“Last night, when I saw CBS correspondents adorned with the Nike ‘swoosh,’ it became clear to me why (CBS News) had spiked all follow-up reports on my Nike investigation and blocked my reply to the criticisms printed in the Wall Street Journal,” she wrote. (“Goodbye, Roberta: The CBS-Nike Connection”, Russell Mokhiber and Robert Weissman, Focus On The Corporation, 20 February 1998. Also: “CBS Under Fire For Nike Logo”, 14 February 1998”, http://www.cbc.sympatico.ca)
“Yes there is a deal,” said Dana McClintock, a CBS Sports spokesperson said from Nagano. “We can’t disclose the terms of the contract, but Nike is paying CBS and we’re wearing the logo.” McClintock said that sports reporters promoting a sponsor’s product “have become part of television sports.”
“During the last winter Olympics, reporters wore the logo of NorthFace, and NBC reporters have worn the logo of ProPlayer,” McClintock said. (ibid)
Nike sponsors more than one thousand athletes at the Olympics and was the official provider of Olympic apparel for Sydney.
*Tony Seed, editor of Shunpiking magazine, is co-author of The Kids’ Baseball Book with Curtis Coward, president of the Nova Scotia Cricket Association and a certified coach in baseball, basketball and cricket. He organized the 1989 Symposium, “The Crisis in Sport; The Amateur Perspective” at Saint Mary’s University, Halifax. The article has been slightly revised since publication with added endnotes and a sidebar.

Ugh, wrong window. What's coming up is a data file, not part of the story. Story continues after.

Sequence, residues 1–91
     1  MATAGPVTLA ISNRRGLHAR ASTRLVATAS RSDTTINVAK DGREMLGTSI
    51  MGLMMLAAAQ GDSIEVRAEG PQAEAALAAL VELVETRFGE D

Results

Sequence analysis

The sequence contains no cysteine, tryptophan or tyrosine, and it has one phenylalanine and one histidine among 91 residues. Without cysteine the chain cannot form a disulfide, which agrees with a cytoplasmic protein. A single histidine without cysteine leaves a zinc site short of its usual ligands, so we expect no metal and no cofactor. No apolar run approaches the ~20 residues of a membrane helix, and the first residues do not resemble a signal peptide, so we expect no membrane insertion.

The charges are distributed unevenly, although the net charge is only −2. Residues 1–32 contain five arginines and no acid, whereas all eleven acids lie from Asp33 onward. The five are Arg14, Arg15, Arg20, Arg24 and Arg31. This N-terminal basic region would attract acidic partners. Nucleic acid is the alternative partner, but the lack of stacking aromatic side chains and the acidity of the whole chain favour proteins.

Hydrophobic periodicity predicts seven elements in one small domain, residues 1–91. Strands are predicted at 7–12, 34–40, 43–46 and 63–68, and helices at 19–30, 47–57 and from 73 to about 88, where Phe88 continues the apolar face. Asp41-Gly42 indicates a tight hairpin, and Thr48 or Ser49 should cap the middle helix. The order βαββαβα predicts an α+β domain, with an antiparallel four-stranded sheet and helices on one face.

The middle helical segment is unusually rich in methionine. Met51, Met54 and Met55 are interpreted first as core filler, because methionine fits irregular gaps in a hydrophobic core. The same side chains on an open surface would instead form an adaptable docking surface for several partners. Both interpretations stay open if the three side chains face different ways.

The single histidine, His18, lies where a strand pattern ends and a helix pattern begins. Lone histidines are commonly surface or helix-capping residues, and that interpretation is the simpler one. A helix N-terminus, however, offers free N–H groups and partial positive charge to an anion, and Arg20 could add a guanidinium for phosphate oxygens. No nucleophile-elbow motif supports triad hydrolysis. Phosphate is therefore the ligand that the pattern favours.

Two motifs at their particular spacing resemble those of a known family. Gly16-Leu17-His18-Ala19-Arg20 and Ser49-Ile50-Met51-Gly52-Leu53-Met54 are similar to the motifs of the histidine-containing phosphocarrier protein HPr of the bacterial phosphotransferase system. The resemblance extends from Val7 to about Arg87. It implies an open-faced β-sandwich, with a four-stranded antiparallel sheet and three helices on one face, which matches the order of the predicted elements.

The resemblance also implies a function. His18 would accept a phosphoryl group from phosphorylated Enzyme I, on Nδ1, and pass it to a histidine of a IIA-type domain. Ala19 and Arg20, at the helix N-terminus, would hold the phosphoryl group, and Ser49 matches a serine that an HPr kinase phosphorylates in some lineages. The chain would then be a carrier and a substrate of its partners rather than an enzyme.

Sport and recreation have been disproportionately affected over the last ten years by funding cuts by all levels of the Canadian state. The budget of the Nova Scotia Sport & Recreation Commission, to cite one example, is in the area of $7 million. Funding which goes directly to sport programming is currently minuscule in terms of its overall budget. When facility and other funds are separated from the NS Sport and Recreation Commission’s budget, only $1.9 million (approx.) goes to sport. Of that,
– $800,000 to Provincial Sport Organizations;
– $300,000 to the Sport & Recreation Administration Centre;
– $200,000 to Sport Nova Scotia; $160,000 to Canada Games;
– $60,000 to coaching development;
and the remainder to various programs, services, salaries and overhead of the NS Sport & Recreation Commission’s sport section (2.5 Sr. staff, plus shared admin. staff).
Source: Sport Nova Scotia
Source: Shunpiking Online, http://www.shunpiking.com/ol0113/NarcoticinSport.htm